When giving examples of a skill, such as, "Give an example of when you displayed leadership."

    Can you just give one example or should you incorporate at least two short examples to show your skills effectively?
    an example meaning you should give only one!
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    (Original post by Helenia)
    So how can you know that you want a particular job (which is why you are applying for medicine) if you have no idea what that job actually involves? What would you say if they asked you that?
    you can't shadow everyone. I guess everyone know more or less what it takes to be a doctor.
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    (Original post by purple and gold)
    skype id is purpleandgold3
    Just added you
    Just tell me a date and time when you want to do a mock interview and I'll let you know if i am avaliable
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    Guys is there a skype group for interviews?
    or are people just asking each other if they want to do one (like me )
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    (Original post by Aniaa)
    you can't shadow everyone. I guess everyone know more or less what it takes to be a doctor.
    They really don't. This is probably why so many doctors end up cynical and disillusioned, or leaving.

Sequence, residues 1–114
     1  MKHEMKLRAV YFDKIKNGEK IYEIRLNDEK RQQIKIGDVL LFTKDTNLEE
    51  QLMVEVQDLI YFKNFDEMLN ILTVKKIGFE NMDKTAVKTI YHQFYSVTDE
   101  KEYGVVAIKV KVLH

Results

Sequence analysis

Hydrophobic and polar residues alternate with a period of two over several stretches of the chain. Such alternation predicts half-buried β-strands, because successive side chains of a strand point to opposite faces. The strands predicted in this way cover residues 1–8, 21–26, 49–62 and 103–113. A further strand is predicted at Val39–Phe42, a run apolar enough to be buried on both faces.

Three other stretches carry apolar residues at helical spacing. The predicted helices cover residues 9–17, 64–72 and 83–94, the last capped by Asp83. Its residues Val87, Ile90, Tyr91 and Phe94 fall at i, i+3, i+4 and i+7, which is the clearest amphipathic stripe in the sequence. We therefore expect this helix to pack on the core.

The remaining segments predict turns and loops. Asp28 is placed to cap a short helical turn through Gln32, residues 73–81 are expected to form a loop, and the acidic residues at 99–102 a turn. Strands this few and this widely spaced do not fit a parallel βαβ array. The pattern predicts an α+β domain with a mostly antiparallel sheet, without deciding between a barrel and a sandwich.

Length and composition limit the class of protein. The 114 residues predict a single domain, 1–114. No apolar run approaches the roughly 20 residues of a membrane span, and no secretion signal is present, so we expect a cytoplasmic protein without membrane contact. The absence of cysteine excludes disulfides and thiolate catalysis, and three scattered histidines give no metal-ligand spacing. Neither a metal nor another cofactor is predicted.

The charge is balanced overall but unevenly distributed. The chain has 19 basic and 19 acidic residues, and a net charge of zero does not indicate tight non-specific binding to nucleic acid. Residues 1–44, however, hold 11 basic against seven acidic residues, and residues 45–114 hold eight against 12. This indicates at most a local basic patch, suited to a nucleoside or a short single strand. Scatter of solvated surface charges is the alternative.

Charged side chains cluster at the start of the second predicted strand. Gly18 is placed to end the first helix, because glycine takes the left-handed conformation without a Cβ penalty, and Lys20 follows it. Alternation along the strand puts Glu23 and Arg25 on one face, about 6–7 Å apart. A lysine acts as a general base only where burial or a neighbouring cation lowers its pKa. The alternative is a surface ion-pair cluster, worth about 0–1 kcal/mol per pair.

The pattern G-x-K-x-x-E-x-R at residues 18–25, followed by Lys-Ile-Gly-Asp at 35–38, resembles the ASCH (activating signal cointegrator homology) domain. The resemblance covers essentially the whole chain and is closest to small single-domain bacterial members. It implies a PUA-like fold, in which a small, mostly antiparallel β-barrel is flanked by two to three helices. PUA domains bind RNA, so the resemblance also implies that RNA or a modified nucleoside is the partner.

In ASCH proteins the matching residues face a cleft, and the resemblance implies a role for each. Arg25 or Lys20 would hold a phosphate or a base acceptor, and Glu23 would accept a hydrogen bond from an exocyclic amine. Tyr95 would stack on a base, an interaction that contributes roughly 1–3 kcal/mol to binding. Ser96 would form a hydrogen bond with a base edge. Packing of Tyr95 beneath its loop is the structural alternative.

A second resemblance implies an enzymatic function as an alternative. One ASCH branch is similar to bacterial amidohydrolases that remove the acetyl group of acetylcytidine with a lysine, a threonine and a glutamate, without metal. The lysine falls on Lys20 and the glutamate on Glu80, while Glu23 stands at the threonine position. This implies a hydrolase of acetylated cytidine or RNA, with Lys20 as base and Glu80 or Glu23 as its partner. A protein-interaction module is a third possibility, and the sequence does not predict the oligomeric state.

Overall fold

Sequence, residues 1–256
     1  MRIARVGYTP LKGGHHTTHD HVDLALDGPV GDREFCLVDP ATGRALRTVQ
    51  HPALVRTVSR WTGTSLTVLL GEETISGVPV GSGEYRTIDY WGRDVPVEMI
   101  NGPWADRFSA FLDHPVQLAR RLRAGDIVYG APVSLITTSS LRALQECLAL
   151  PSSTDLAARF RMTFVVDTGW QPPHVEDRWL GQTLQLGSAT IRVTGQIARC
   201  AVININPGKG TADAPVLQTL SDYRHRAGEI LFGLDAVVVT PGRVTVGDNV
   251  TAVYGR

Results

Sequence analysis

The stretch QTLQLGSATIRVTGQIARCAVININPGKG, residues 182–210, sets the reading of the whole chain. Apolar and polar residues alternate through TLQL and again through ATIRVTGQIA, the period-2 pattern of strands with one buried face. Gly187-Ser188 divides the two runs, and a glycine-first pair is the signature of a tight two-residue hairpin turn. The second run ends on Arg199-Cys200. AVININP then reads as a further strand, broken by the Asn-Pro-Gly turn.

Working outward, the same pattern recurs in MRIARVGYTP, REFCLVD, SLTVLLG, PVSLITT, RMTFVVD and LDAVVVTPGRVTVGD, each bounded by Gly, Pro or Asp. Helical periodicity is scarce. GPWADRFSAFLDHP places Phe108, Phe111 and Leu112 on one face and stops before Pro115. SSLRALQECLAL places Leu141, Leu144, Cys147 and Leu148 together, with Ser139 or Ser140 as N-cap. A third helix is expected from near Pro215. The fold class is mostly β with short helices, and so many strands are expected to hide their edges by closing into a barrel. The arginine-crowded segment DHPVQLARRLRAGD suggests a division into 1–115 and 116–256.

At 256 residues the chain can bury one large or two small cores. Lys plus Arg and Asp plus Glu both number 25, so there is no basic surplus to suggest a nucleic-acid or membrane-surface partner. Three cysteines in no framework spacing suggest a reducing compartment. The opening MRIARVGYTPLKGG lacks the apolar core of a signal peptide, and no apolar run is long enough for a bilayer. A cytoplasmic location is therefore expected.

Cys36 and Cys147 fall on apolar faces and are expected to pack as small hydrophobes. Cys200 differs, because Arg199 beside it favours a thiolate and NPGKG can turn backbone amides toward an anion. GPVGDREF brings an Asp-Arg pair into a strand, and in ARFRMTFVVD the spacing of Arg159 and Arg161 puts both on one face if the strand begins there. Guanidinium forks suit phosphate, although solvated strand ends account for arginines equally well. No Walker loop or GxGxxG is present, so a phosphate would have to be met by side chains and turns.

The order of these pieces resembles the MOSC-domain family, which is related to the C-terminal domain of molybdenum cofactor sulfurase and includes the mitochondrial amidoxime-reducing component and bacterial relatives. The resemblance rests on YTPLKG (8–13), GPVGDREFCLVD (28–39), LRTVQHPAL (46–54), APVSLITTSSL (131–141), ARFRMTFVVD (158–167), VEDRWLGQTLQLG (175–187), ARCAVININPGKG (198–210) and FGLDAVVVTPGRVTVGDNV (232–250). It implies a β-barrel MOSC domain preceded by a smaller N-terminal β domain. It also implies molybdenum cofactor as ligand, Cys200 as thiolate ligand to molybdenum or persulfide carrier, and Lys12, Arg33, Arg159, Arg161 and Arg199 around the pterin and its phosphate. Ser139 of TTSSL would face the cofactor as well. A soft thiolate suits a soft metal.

(Original post by Eva.Gregoria)
    I also don't think I necessarily need junior doctor experience to be able to know how to be a junior doctor, in that respect I would need paediatric work experience to become a pediatrician or surgical work experience to become a surgeon. Most people simply adapt and learn as they go along which doctors should be capable of doing anyway and which I have already demonstrated in other areas which I can talk about at interview
    Are you deliberately misinterpreting what I am saying, or are you genuinely missing my point?

    You don't need to do it to "know how to be a junior doctor," that's what medical school is for. The point is that it is a good thing to have a clue about what you are likely to be doing for the first ~10 years of your career before you commit to it. Your initial post about this was so naive I just had to wonder if you really knew what you were letting yourself in for.

    If you get in, you probably will be able to adapt and get on with things, but will you really know that it's what you want to do? Will you be happy with it?
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    (Original post by Helenia)
    They really don't. This is probably why so many doctors end up cynical and disillusioned, or leaving.


    Are you deliberately misinterpreting what I am saying, or are you genuinely missing my point?
    Hey!:eek:

    Why don't you just leave the poor girl alone and stop badgering her, no one goes into medicine without having prior knowledge of what it entails.